Britain is still “a long way away” from the stage where the population develops herd immunity to control the impact of the coronavirus outbreak, experts have said.
Their comments come a day after Sir Patrick Vallance, the UK’s chief scientific adviser, said the Government’s “contain and delay” approach to tackling Covid-19 will see people developing resistance to the contagious disease through infection, which in turn will make it harder for the virus to spread in the future.
But Dr Nicola Rose, of the UK’s Medicines and Healthcare products Regulatory Agency (MHRA), a Government body responsible for ensuring that medicines work and are safe to use, said it was too early to predict whether the so-called herd immunity, which would require 60% of the UK population to become infected with coronavirus, will have any immediate benefit.
Speaking at a media briefing in London, she said: “I think if the virus goes through a population, they may start to develop their own immunity, but it is too early to know what that looks like.
We may indeed see waves and we really don't know whether there will be herd immunity or not in the near futureDr Melanie Saville, Coalition for Epidemic Preparedness Innovations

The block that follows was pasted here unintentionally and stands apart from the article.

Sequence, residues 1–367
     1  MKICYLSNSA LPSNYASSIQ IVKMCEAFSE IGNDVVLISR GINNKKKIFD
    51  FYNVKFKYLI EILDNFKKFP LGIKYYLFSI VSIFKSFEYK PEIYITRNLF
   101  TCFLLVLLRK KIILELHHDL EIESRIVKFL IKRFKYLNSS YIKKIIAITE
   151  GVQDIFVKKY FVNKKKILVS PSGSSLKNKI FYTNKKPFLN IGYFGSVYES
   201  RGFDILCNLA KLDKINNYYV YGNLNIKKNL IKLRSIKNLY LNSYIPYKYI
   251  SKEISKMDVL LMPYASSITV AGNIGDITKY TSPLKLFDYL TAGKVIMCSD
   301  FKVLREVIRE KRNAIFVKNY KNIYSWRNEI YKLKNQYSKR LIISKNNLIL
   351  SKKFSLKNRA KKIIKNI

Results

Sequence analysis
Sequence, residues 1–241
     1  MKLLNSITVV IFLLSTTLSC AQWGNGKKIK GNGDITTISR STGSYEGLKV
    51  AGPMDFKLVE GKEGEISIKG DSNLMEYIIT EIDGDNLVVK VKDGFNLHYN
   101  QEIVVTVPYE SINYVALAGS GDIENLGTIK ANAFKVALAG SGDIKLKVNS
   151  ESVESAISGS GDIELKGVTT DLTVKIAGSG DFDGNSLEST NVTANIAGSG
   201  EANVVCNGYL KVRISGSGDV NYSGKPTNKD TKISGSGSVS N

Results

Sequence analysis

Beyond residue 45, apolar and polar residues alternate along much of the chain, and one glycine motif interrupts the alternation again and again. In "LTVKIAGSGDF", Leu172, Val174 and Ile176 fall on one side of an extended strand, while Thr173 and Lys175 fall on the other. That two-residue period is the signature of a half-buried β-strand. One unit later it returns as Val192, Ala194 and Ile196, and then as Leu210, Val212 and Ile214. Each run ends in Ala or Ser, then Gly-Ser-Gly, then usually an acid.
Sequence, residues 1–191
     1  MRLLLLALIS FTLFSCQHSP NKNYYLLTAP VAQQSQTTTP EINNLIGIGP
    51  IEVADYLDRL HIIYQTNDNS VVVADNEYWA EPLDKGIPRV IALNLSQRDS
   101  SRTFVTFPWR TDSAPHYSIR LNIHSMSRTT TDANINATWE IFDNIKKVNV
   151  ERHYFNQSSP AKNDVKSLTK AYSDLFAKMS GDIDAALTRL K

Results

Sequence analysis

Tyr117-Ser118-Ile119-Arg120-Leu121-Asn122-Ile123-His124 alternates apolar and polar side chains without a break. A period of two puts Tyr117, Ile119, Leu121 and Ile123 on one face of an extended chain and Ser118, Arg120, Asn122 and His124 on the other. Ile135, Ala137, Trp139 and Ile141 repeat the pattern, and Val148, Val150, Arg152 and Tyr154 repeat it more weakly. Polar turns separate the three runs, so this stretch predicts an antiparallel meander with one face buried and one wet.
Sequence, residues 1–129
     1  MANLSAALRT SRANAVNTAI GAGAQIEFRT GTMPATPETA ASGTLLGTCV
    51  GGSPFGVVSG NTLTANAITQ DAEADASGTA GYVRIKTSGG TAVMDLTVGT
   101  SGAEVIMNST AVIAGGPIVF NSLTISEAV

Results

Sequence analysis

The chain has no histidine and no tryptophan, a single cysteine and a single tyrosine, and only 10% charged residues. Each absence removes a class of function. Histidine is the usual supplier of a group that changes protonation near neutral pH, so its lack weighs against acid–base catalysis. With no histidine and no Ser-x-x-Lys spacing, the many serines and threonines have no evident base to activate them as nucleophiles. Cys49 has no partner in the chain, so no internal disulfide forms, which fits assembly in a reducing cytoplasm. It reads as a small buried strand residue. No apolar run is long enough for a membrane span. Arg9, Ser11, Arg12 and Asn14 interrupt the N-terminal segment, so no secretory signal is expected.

“We are a long way from what we would technically call herd immunity.”
Meanwhile, Hanneke Schuitemaker, a professor in virology at the Amsterdam University Medical Centre in the Netherlands, said it was “worthwhile to keep all the efforts going” in developing a vaccine, although it may take as long as 18 months to get to market.
When asked about whether herd immunity would make it futile to continue working on vaccines, she said: “I don’t think we should say now that it is pointless – we do not know how long natural immunity will last.”
The Government’s efforts to delay the spread were also supported by Dr Melanie Saville, of the Coalition for Epidemic Preparedness Innovations (CEPI) – a foundation which invests in independent research projects to develop vaccines against emerging infectious disease – who said the move would buy time not only for the NHS but also for a vaccine to be developed.
Dr Saville added: “We may indeed see waves and we really don’t know whether there will be herd immunity or not in the near future.
“We are trying to contain the outbreak as much as possible – this then gives us time for vaccines to become available so you would be able to get into a situation, like with flu, where you have a vaccine for the vulnerable population available in the future.”